Timeline: Fraught journey of A400M transport aircraft

BERLIN (BestGrowthStock) – The A400M air troop transporter has had a complicated history. Here are the key events in the long-delayed project:

1982 — Aerospatiale, British Aerospace, Lockheed and MBB set up a project — later known as the Future Large Aircraft (FLA) — to develop a troop transporter to replace the C-130 Hercules and the Transall C-160.

1989 — Lockheed pulls out of developing an upgrade to its own C-130 Hercules transporter.

1999 — Partners including BAE Systems, Daimler Chrysler Aerospace (Dasa), France’s Aerospatiale Matra and Spain’s Casa establish Airbus Military Company to develop the A400M.

2000 — Airbus says it will start the industrial phase of the A400M project by March 2001; first deliveries are expected in 2007.

June 2001 — Eight countries — Germany, France, Spain, Britain, Turkey, Belgium, Portugal and Luxembourg — sign an initial letter of intent to buy 196 A400Ms.

November 2001 — Germany calls off official signing ceremony for the project due to a parliamentary confidence motion over German plans to deploy troops in Afghanistan.

December 2001 — Seven nations agree to buy the A400M, though plans still hinge on German parliamentary approval.

February 2003 — Italy and Portugal cancel orders for the A400M.

May 2003 — Airbus bows to government pressure to appoint a European consortium to build new engines for the A400M, reversing a decision to buy from Pratt & Whitney Canada.

May 2003 — Germany’s parliament approves the purchase of 60 A400Ms, cut from 73, removing the final hurdle for the project.

December 2004 — South Africa orders 8 A400Ms.

DEC. 2005 — Malaysia orders 4 A400Ms.

March 2007 — Airbus takes 352 million euro ($508.6 million) charge to cushion A400M overruns.

November 2007 — EADS warns it sees charges of up to 1.4 billion euros from A400M delays.

September 2008 — EADS postpones first flight of A400M indefinitely in row over engine development.

January 2009 — Airbus chief Thomas Enders says the A400M project is “mission impossible” without contract changes.

July 2009 — The European ordering nations agree to renegotiate the cost and scale of the project.

November 2009 — South Africa cancels its A400M order.

December 2009 — Germany confirms the A400M project is 5 billion euros over its production budget.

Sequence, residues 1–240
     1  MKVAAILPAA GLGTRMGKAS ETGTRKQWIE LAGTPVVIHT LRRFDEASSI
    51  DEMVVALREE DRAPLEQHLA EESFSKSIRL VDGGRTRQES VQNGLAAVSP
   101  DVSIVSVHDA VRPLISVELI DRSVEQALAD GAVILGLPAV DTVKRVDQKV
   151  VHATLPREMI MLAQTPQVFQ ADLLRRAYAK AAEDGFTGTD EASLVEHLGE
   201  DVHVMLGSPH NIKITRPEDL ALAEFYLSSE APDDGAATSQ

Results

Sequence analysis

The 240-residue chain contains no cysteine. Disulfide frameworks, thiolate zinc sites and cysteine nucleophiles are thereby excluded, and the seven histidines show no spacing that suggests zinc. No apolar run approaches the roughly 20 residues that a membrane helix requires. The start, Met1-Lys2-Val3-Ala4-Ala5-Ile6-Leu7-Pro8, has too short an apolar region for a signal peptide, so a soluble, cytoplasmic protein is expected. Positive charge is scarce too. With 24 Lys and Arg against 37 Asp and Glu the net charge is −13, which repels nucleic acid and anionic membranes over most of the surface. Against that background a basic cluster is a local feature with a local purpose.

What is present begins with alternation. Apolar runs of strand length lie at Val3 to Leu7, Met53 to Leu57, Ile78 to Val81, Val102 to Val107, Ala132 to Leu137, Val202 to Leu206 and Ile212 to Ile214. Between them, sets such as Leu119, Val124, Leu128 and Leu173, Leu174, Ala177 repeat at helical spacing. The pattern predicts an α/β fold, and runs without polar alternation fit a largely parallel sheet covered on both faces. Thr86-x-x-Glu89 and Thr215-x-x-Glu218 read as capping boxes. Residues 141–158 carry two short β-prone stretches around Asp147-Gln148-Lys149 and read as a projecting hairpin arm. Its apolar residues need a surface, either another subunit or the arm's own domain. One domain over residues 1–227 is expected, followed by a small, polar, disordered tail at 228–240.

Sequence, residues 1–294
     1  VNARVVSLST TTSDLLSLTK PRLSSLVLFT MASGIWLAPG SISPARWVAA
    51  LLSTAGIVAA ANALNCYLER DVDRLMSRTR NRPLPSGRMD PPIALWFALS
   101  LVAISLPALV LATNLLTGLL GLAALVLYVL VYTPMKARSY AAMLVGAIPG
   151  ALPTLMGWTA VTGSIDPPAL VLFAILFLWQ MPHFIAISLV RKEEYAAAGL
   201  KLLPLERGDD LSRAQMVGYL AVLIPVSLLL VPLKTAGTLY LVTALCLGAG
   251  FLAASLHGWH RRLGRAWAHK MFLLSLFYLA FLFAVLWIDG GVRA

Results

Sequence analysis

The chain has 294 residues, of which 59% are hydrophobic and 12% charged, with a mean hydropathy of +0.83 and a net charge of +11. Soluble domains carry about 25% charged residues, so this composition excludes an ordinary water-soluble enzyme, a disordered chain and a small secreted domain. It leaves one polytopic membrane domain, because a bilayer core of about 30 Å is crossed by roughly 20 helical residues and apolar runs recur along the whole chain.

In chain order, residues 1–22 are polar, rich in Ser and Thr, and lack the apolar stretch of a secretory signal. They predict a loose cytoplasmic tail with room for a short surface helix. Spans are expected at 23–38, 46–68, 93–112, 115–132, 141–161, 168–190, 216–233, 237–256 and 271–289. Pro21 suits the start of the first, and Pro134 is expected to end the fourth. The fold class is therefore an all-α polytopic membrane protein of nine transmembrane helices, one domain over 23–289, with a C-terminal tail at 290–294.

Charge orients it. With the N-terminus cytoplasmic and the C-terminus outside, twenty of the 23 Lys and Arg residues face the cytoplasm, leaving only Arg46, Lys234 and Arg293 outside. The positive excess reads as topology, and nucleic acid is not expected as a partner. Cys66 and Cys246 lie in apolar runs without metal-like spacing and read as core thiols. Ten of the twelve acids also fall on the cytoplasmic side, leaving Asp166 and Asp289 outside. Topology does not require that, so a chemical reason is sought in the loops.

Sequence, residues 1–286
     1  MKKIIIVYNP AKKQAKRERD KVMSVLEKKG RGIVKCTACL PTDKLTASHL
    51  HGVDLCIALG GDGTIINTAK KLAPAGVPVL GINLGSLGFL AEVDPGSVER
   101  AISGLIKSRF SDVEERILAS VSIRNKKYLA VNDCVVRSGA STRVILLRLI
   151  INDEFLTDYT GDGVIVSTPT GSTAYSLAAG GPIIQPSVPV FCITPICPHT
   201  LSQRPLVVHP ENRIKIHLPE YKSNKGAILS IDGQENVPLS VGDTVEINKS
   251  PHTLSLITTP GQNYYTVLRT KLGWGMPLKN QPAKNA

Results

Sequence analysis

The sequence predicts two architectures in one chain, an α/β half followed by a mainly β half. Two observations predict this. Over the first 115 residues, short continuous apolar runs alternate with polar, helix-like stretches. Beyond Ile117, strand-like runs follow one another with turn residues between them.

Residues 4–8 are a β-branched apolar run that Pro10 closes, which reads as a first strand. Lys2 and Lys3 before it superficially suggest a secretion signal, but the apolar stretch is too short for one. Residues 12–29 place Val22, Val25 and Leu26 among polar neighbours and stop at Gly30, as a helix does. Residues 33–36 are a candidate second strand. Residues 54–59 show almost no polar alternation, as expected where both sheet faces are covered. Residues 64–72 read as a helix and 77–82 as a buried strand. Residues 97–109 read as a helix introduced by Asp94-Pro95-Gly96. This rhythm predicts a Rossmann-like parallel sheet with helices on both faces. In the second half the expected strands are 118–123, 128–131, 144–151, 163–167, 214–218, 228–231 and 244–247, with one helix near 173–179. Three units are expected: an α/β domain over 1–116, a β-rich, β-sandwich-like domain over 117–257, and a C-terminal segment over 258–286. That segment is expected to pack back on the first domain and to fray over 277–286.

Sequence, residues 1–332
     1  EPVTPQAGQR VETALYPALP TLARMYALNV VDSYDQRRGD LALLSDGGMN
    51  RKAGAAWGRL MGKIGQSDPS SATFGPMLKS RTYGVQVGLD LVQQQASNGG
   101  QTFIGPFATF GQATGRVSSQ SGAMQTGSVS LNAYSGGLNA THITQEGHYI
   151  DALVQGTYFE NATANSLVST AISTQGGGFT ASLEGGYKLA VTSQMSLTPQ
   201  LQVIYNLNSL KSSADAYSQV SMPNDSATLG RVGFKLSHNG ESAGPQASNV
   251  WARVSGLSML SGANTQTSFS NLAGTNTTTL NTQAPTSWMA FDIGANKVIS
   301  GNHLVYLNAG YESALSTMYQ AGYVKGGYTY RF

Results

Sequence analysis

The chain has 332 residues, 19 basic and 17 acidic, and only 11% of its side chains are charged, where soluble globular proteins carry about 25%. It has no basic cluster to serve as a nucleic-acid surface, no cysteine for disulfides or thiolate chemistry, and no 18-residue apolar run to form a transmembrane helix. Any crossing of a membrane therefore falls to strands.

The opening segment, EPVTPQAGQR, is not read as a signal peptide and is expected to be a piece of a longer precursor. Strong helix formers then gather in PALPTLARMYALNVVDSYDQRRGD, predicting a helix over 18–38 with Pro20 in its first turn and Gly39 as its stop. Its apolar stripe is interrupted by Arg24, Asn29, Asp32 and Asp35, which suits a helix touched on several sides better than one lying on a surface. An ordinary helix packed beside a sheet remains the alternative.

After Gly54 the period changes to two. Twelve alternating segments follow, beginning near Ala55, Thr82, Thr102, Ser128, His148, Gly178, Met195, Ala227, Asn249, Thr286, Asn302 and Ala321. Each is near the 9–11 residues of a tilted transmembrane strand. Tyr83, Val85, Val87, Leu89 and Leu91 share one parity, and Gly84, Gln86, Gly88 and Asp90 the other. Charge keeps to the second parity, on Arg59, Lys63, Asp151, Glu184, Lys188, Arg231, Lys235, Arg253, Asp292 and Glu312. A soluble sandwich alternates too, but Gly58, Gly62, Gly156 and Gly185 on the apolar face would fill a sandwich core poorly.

December 11, 2009 — Reuters reports auditors have identified 11 billion euros of total cost overruns.

January 20, 2010 — A leaked draft summary of the audit report by PricewaterhouseCoopers blames Airbus managers for huge cost overruns on A400M.

February 4, 2010 — More talks held in Berlin between EADS and seven NATO nations to resolve the funding dispute.

February 24, 2010 — Spanish defense minister Carme Chacon says EADS and government buyers have reached the “basis of an agreement” for a 3.5 billion euro bail-out, including 2 billion euros of direct aid and 1.5 billion in financial support.

March 5, 2010 — A deal is struck to save the project from collapse. The agreement aims to preserve 10,000 jobs but will force EADS to take 1.8 billion euros of provisions for its share of the overrun, pushing the company to an operating and net loss for 2009.

— German Defense Ministry says the first deliveries of the A400M should now happen in 2014.

March 29, 2010 — Britain says it will trim its order for the A400M to 22 from 25 to finance its share of an agreed increase in the price of the project.

June 1 — EADS CEO Louis Gallois says two planes in testing are providing good results and that two more should enter testing this year.

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(Writing by Maria Sheahan; Additional writing by David Cutler, London Editorial Reference Unit; Editing by Simon Robinson and Sara Ledwith)

Timeline: Fraught journey of A400M transport aircraft